Daniel Christian Wahl talks with Jim about bioregional regeneration, Game B, complexity theory, epistemic modesty, questions vs answers, money, spirituality, and much more… Continue reading EP43 Daniel Christian Wahl on a Regenerative Future
Monthly Archives: February 2020
MIT professor & researcher Jessika Trancik talks with Jim about the dynamics & state of renewable energy tech & policies, decarbonization, carbon taxes, climate despair, and much more… Continue reading EP42 Jessika Trancik on Tech & Research vs Climate Change
Daniel Mezick talks with Jim about how he got into business consulting & agile processes, what an openspace organization is & how it scales with business size/type, Jim’s experience with agile, how an agile scrum is structured, the value of DevOps & product managers, types of agile processes & common pitfalls, learned helplessness, what openspace technology is & how it works, managing ambiguity & change management, inviting vs delegating as a leader, understanding authority & its connection to complex system functionality, boundary management, semiotics, and more.
Mentions & Recommendations
- Daniel’s book, The Openspace Agility Handbook
- Jeff Sutherland
- The Agile Imposition Revisited
- Extreme programming (XP)
- Daniel’s book, Inviting Leadership
- Signals and Boundaries by John H. Holland
- Daniel’s book, The Culture Game
- Peirce on Signs: Writings on Semiotic by Charles Sanders Peirce
Daniel Mezick leads NewTech, a business management consultancy keenly focused on Agile transformation and Business Agility. He coaches executives and teams on how to get rapid, effective and lasting improvement. In his books and workshops, he teaches very specific ways to quickly and predictably get real and lasting results, by encouraging self-management at scale.
Multidimensional thinker Eric Smith has a wide-ranging talk with Jim about the origins of life, monetary systems, language & sustainability. Eric starts by sharing how geochemistry informs the origin of life topic, the dynamics of autocatalytic processes, how little we know about biological systems & what this might tell us about the Fermi paradox. The conversation then goes into the importance of institutions & a dynamic perspective on monetary systems, the subprime mortgage crisis, money substitutes & crypto. They then finish this chat by talking about Eric’s interest in linguistics & what it can learn from modern probability, key areas of focus for ecosystem sustainability, the challenge of reconciling ‘small local’ & ‘global policy’ approaches to sustainability, the role of civil society, and much more.
Mentions & Recommendations
- Eric’s book, The Origin and Nature of Life on Earth
- The Theory of Money and Financial Institutions by Martin Shubik
- Slapped by the Invisible Hand: The Panic of 2007 by Gary Gorton
- Stabilizing an Unstable Economy by Hyman Minsky
- Jim’s talk on Dividend Money
- Linas Vepstas on Learning Language…
- Blessed Unrest by Paul Hawken
- FRONTLINE Doc, In the Age of AI
D. Eric Smith received the Bachelor of Science in Physics and Mathematics from the California Institute of Technology in 1987, and a Ph.D. in Physics from The University of Texas at Austin in 1993, with a dissertation on problems in string theory and high-temperature superconductivity. From 1993 to 2000 he worked in physical, nonlinear, and statistical acoustics at the Applied Research Labs: U. T. Austin, and at the Los Alamos National Laboratory. From 2000 he has worked at the Santa Fe Institute on problems of self-organization in thermal, chemical, and biological systems. A focus of his current work is the statistical mechanics of the transition from the geochemistry of the early earth to the first levels of biological organization, with some emphasis on the emergence of the metabolic network.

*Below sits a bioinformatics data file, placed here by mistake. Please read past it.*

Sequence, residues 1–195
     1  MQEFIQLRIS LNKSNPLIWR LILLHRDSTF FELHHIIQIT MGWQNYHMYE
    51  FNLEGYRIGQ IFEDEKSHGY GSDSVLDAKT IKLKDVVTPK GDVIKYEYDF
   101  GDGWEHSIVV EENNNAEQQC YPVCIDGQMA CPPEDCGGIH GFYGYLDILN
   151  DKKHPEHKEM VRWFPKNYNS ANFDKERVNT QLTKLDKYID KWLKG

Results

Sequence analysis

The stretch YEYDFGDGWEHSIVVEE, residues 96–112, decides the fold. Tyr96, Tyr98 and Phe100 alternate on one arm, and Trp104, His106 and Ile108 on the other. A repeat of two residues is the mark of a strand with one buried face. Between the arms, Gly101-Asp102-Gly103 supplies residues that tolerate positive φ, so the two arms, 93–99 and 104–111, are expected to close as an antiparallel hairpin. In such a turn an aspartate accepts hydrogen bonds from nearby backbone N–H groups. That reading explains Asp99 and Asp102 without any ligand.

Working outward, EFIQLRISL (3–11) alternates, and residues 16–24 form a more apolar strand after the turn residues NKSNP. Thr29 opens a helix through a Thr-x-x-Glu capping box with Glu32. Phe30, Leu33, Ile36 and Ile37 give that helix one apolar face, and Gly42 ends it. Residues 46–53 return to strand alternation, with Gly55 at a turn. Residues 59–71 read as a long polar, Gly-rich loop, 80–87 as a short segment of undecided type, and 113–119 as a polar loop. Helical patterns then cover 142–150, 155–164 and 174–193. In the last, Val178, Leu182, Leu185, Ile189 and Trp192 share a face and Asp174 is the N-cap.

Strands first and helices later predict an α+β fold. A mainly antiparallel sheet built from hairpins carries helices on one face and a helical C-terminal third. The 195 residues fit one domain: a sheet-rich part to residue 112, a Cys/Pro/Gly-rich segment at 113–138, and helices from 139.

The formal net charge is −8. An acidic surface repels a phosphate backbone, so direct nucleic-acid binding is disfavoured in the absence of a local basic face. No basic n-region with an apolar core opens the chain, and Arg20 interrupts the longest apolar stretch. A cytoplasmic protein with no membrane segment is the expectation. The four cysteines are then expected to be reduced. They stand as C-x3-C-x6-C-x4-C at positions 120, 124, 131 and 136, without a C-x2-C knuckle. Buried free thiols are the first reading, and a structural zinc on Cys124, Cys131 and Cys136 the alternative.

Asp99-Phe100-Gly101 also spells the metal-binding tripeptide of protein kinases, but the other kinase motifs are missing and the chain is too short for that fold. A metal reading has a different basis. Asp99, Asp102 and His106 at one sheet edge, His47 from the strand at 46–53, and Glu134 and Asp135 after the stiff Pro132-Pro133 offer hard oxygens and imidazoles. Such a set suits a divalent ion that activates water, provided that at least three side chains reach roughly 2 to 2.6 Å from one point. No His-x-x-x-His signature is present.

Multi-talented thinker & creator John Koza & Jim start by talking about what led him to create secure lottery ticket tech early in his career. They then go on to talk about how he got interested in genetic algorithms, his pioneering work in genetic programming, how powerful it is, and some of its stand-out applications. Lastly, John tells Jim what led him to create the National Popular Vote bill, how it works, its current state support, how it addresses the prisoner’s dilemma, the role partisanship plays, responses to common concerns about the bill, and more.
Mentions & Recommendations
- John’s book, Genetic Programming
- Human-Competitive Awards
- National Popular Vote
- Every Vote Equal Book
- Answering Myths Page
John R. Koza is Chair of National Popular Vote and a member of the Board of Directors. He received his Ph.D. in computer science from the University of Michigan in 1972. He published a board game involving Electoral College strategy in 1966. From 1973 through 1987, he was co-founder, chairman, and CEO of Scientific Games Inc. where he co-invented the rub-off instant lottery ticket used by state lotteries. In the 1980s, he and attorney Barry Fadem were active in promoting adoption of lotteries by various states through the citizen-initiative process and state legislative action. Between 1988 and 2003, he taught a course on genetic algorithms and genetic programming at Stanford University, where he was a consulting professor. He is lead author of the book Every Vote Equal: A State-Based Plan for Electing the President by National Popular Vote and originator of the National Popular Vote legislation. Koza has visited 29 states on behalf of National Popular Vote.